Brain and Behavior

Sensation and Perception

How does the brain process vision?

One-third of the brain is used to process visual information, which tells us just how important vision is to human beings. The processing of visual information starts in the eyes, the visual sense organs. On the retina, the inner back surface of the eye, there are a number of neurons that are specialized to fire in response to light. These specific cells are called rods and cones. Rods respond to night vision and process information in shades of black, white and gray. Cones fire in bright light and respond to color. The axons of rods and cones connect to other cells in the retina, where some preliminary visual processing is done. These neurons then connect to ganglion cells, whose axons bundle together, like wires in a cable, to form the optic nerve.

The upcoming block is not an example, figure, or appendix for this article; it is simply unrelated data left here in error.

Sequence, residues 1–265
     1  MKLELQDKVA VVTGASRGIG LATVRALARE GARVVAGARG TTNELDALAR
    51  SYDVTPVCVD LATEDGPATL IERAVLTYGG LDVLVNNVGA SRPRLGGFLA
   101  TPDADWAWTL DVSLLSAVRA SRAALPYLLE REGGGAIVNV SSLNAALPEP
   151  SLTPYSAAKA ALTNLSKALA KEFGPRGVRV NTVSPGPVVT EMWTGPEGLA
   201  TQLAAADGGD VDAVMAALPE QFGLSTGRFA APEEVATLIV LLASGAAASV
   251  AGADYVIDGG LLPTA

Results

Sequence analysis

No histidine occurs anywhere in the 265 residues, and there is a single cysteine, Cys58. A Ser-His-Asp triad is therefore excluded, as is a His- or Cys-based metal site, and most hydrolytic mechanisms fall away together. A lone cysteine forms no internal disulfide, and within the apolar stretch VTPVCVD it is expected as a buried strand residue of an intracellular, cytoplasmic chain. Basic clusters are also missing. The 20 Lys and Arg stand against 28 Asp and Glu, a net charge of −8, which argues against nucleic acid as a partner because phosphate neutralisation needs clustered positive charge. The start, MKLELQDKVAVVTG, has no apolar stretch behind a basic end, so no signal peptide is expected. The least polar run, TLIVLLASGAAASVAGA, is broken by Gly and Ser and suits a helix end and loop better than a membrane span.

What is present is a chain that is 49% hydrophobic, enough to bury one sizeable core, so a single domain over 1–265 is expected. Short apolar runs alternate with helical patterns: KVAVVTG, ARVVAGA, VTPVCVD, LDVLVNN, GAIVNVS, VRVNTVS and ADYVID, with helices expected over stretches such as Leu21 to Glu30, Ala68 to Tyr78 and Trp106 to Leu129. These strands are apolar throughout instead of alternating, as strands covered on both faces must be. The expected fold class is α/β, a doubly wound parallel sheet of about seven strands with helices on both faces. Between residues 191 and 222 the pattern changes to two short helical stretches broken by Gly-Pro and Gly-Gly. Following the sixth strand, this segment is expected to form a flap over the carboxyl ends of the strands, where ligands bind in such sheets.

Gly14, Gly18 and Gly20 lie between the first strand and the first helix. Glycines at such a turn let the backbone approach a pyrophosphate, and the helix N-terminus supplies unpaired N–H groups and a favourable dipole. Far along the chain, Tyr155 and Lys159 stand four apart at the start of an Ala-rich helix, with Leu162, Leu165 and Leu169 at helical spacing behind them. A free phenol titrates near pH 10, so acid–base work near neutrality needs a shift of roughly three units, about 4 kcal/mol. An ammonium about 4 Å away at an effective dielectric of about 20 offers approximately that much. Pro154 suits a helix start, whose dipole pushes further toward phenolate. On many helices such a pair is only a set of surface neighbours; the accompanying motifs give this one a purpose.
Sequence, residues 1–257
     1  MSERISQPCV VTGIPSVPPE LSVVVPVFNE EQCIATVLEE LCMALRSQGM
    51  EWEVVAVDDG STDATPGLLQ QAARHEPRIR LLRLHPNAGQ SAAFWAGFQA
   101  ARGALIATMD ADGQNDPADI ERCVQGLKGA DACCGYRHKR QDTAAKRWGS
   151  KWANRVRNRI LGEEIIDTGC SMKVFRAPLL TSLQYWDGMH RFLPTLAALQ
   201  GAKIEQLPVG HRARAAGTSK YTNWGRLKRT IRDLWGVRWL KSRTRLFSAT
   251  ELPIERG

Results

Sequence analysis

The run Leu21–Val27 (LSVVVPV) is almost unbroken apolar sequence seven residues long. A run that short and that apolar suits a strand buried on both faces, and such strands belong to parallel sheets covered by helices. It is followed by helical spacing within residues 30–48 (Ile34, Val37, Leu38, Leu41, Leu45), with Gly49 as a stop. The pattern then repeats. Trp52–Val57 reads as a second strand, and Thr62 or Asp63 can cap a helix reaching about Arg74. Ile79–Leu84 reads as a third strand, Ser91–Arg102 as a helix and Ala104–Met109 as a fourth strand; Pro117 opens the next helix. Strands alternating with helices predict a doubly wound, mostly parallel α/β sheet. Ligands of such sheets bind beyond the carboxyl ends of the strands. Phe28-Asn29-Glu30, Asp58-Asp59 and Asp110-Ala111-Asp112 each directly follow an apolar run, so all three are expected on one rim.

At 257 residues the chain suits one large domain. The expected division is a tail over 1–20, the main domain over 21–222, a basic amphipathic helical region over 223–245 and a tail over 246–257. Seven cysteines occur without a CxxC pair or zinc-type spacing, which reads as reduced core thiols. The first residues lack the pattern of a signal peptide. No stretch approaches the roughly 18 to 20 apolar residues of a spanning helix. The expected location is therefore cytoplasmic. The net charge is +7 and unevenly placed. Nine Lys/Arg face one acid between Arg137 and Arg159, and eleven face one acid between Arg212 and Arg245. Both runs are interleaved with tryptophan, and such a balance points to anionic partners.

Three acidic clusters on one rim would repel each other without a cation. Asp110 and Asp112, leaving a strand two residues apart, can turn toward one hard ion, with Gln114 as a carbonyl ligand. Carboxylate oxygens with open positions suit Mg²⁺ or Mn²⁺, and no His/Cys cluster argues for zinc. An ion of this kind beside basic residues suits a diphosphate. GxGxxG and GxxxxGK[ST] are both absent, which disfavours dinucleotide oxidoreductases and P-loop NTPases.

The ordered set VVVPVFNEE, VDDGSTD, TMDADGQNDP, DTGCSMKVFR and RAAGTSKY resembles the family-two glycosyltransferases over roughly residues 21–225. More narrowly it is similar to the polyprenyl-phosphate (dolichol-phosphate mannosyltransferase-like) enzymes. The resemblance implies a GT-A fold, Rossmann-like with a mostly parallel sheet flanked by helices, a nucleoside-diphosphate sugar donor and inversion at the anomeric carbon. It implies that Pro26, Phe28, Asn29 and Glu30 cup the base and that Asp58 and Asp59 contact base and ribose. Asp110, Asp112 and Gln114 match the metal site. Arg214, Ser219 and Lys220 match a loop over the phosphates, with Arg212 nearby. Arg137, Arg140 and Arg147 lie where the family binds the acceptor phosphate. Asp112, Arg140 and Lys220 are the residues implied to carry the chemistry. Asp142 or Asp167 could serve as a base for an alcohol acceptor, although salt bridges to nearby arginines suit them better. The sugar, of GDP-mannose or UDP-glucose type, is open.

The optic nerve exits through the back of the retina and travels to the brain. All the ganglion cells that respond to the right side of the visual field will go to the left side of the brain. Likewise the ganglion cells that respond to the left side of the visual field will go to the right side of the brain. Any ganglion axon that needs to cross over to the opposite side of the brain is able to do so at the optic chiasm, in the middle of the brain. The two branches of the optic nerve next connect to the corresponding lobes of the thalamus. The thalamus is the gate keeper for sensory information. Based on feedback from the cortex, the thalamus lets some information through to activate neurons connected to the cortex but stops other messages in their tracks. Neurons in the thalamus send visual information up to the primary visual cortex in the occipital lobe, known as VI or Brodman area 17. From there, the fundamental features of the visual stimulus are processed. As discussed above, these neurons connect to association cortices where the basic visual features are then synthesized into larger patterns.


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